Seminar CLIX: lords in the middle

One of the many notable things about being in the thick of the Oxford academic environment for that while that I was was the very large number of very good doctoral students hanging about, often from outside the UK, all gnawingly nervous about their prospects on the job market and very often being supervised by Chris Wickham; had we not already established that Chris has some modern-day equivalent of ravens informing him of the world’s doings I would wonder how he kept track of them all. I cannot remember now if Nicholas Schroeder was one of Chris’s, but he was certainly one of the brighter sparks doing the Oxford seminar circuit while I was there.1 I saw him present twice, and the first of these occasions was on 28th January 2013, when he spoke to the Medieval History Seminar with the title, “The Forgotten Lords: the feudal revolution and monastic lordship in Lotharingia, c. 900 to c. 1250″.

Map of tenth-century Lotharingia

Map from M. Schroeder’s handout for the paper, pencil customisations in the original; apologies for photo quality, I’m away from home as I write this

Invoking the feudal revolution at all of course means stepping into a dense historiographical forest over the social changes of the tenth and eleventh centuries in Europe, in which as M. Schroeder observed, the debate has died without being solved. In his home country of Belgium, however, the local version was very much carried into orthodoxy by the work of Léopold Genicot, who saw the great estates of the earlier period being broken into new territorial lordships by means of lords subjecting peasants to what had previously been public jurisdiction, and solidarities developing within the communities subject to those lords.2 To this were then added various new voices, Florian Mazel arguing for a new style of ecclesiastical lordship developing in the period of papal reform in which rule via advocates and lay abbots ceases to be acceptable and a more old-fashioned and direct form of lordship had to be adopted instead, Paul Fouracre arguing that even in the eleventh century ties of lordship were more personal than territorial, the familia being the most important group to which anyone belonged, and Charles West most recently arguing that what was going on was the ultimate success of the Carolingian effort to create a locally-responsible lordship based on relationships that was, however, intended to be different from ownership but in fact never really became so before the state that required this ceased to be. Charles also argues that this worked out very differently on the two sides of the Meuse, Champagne becoming a big territory and Upper Lotharingia never ceasing to be a land of monastic lordships within a greater lord’s less intensive territory.3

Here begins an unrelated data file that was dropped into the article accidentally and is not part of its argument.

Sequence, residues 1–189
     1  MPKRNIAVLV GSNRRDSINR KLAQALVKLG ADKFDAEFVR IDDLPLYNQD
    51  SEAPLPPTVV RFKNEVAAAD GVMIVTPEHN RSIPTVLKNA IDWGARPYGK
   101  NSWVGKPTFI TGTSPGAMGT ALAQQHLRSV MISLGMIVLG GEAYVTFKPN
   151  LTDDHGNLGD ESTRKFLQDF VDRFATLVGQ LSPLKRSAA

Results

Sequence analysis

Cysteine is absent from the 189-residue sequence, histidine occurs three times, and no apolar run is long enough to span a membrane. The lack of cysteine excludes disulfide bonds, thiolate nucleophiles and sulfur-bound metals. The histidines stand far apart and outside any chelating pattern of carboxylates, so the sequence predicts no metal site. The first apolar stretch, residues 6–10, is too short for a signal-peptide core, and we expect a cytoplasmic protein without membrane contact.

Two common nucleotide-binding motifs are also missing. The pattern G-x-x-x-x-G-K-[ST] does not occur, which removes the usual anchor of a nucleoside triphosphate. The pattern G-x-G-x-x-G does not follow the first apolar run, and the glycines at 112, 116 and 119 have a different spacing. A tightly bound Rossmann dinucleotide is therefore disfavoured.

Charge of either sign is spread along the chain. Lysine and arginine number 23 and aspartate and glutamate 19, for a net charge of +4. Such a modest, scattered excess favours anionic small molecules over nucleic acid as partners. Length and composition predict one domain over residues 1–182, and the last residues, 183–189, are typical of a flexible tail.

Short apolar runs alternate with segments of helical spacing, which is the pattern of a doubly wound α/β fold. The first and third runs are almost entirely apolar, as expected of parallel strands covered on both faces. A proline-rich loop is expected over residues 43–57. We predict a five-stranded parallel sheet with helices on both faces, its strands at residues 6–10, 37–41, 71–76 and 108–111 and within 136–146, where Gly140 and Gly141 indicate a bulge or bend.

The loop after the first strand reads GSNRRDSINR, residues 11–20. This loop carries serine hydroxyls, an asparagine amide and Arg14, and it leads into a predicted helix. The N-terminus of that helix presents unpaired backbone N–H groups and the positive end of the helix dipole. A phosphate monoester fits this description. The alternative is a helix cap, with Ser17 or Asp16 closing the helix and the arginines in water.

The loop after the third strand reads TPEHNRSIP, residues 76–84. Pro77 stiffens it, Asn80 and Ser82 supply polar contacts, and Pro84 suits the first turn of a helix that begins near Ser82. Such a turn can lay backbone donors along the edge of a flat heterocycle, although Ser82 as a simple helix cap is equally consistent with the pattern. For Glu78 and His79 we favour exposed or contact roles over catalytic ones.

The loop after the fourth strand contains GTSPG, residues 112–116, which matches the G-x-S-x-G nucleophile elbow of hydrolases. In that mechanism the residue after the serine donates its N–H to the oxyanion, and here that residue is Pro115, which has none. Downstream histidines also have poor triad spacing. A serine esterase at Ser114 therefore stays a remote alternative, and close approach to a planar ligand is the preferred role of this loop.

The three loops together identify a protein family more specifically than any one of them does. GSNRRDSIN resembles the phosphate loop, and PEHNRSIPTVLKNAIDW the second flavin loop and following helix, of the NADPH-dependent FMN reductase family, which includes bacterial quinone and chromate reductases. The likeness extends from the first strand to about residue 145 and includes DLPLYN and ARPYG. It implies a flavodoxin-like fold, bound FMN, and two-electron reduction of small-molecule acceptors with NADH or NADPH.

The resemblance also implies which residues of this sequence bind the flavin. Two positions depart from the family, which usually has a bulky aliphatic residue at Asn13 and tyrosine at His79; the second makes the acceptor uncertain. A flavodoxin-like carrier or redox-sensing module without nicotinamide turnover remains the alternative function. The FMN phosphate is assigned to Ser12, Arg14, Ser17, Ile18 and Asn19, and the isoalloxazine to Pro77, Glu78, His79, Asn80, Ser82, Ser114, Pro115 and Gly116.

The current state of the old abbey of Stavelot-Malmédy

The current state of the old abbey of Stavelot-Malmédy, whence most of the information in the paper here discussed, from Wikimedia Commons

Having laid all this out for us in good critical fashion, M. Schroeder then began the task of setting it against his work on the monastery, documents and territory of Stavelot-Malmédy.4 This hit immediately against two complications: the first was trying to get perspective on a society that is larger than just the Church when the Church’s documents are almost your only source, and the other was that the Church, as Mazel’s paradigm just discussed implies, had different pressures on the way it managed its property from those operating on laymen. I am not convinced that the ideologies are that different, in fact, but in the eleventh century especially the Church was under pressure from within itself and without to adhere more closely than before or later to the ideology its members urged upon society more widely. Nonetheless, M. Schroeder pointed out that one can find all manner of models of lordship in the Stavelot evidence, more than any of the templates outlined above accommodate: there’s already territorial lordship in the tenth century (he said), with both jurisdiction and personal ties (in labour and service obligations); attendance at courts of the monastery’s familia could be demanded from people both inside and outside its territoria, people could live inside the territoria who were ‘strangers’ because they were not members of the familia, and Stavelot’s one attempt to create a castle lordship seems to have failed and got reorganised into villages. What M. Schroeder did not see, however, was the monastery’s subordinates and advocates becoming threats to its own authority, and neither did he see much collapse of the various forms of lordship into each other until the late twelfth and early thirteenth century.

The château-fort de Logne as it now stands

The castle lordship may not have worked out but the castle itself is still quite impressive! The château-fort de Logne as it now stands

In questions two things came out: one, raised by Mark Whittow, was what archæology might add to this, which of course really hits against the problem that that archæology is arrayed across several countries and turns out to be M. Schroeder’s post-doctoral project, and the other, raised by me, was that some way to distinguish between the different rows and columns of what he called a matrix of lordship might be to consider who had set them up. I think that might work for Catalonia to an extent, in as much as counts and monasteries do seem to aim for different things there, but I don’t think I got the question out right as what M. Schroeder answered with was that the important thing might be when lordship and village organisation combined. That may well be true but I still want to know if what I had meant to ask would have been useful… Anyway, that aside, this was a very careful sifting of evidence through a variety of frameworks that left me with some hope that there are in fact ways to advance the tired old feudal transformation debate to the point where we might actually reach new ways to express and explain the developmental similarities it currently struggles to unite.


1. Although there are other publications by now, the one of M. Schroeder’s that got mentioned in the introduction was Jean-Pierre Devroey & Nicholas Schroeder, “Beyond royal estates and monasteries: landownership in the early medieval Ardennes” in Early Medieval Europe Vol. 20 (Oxford 2012), pp. 39-69, DOI:10.1111/j.1468-0254.2011.00334.x.